A project consultative committee of community, government agencies, WGCMA representatives and other stakeholders commissioned several designs and investigations before settling on a solution that shares the flows between the original river course and the tunnel.

We are grateful to have received considerable input from the project consultative committee, including members of the Hannaford family and the Friends of Horseshoe Bend Tunnel. Their suggestions strongly influenced the final design and the extensive research we completed will help ensure the project is done with as little impact to the heritage values as possible.

The fishway will be 200 metres long and ranging in depth from a maximum of 2.7m deep upstream down to no excavation downstream. The average depth is 1.4m. The width also varies to a maximum of seven metres wide. In context, the valley floor at Horseshoe Bend varies from 20m to 50m wide. Throughout the consultation period we have explored every option to minimise the size of the fishway. The result of this work is a low flow and a visually low impact fishway that will present itself as a meandering waterway.

There are four main elements to allowing fish passage around Horseshoe Bend.

  • Technical experts, fish experts and engineers have helped us create a design that delivers just enough water for fish passage while still maintaining flows through the tunnel. A 60% to 40% split is proposed
  • The design of a fishway entrance, at the tunnel outlet, to attract fish past the outlet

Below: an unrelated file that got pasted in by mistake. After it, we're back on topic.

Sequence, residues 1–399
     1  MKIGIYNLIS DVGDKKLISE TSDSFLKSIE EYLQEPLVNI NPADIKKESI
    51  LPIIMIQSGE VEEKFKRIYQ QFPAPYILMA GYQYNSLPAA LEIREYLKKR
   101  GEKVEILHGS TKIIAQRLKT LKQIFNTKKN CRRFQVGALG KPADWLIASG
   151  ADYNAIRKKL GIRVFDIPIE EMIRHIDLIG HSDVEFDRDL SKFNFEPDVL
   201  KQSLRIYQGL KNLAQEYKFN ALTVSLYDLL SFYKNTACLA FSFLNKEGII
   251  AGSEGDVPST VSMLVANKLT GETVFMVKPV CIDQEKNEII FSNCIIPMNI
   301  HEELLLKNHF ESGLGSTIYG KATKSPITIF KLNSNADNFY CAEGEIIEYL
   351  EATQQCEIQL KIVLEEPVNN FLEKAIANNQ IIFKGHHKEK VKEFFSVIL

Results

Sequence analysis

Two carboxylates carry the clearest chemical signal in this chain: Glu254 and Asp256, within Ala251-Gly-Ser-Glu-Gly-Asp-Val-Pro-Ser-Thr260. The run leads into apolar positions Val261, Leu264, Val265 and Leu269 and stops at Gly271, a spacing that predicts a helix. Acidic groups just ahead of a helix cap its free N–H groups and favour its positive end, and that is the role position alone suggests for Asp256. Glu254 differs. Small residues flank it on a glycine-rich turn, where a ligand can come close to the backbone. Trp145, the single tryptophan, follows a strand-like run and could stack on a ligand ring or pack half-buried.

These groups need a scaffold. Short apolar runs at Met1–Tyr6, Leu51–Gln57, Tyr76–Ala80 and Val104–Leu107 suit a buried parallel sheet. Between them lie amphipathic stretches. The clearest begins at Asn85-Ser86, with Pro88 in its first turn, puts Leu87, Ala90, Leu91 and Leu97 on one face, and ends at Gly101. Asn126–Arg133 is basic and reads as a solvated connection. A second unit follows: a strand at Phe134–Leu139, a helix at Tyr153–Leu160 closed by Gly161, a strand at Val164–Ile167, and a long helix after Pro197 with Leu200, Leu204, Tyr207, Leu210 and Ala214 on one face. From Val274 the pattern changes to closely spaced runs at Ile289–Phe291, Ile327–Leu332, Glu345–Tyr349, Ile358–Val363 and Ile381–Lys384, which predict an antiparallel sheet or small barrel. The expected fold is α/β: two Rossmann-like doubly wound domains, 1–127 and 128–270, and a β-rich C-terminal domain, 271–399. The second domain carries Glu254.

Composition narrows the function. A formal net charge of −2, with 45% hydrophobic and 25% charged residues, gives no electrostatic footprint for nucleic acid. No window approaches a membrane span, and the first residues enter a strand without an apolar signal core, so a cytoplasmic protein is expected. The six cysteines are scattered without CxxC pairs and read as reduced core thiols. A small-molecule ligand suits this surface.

• Passage over existing rock riffles and;
  • A constructed fishway through the old river channel near the tunnel inlet.


Physical works at the site began in February 2019. The walking track from the carpark to the river and access to the tunnel is closed to the public. Heritage Victoria granted a permit for the works in June 2018.

During the creation of the fishway, the structural integrity of the tunnel will be closely monitored. There will be some impacts to the surrounding area, such as noise and dust from breaking rock, native tree removal, alterations and wear and tear to the access track, and modifications to the river bed.

Interested community groups and stakeholders will be kept fully informed of construction impacts, and their input sought where required. You can subscribe to construction updates here. 

When works are complete, full rehabilitation of the site will be our priority. Rehabilitation is expected to take between three and five years.

An impression of the Thomson River Fishway


The final fishway will present itself as a meandering waterway as it has been designed to be low flow and visually low impact.

To create the fishway, the surrounding vegetation and the access tracks have been disturbed. Once the fishway is complete, rehabilitation work will begin. It is expected that the track and site and regenerate over the next three to five years. We will be monitoring this closely and providing regular updates and photographs.

The images below show the site in June 2019.

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Thomson River Fishway Questions

This page answers many of the questions that have been asked over the life of this project so far.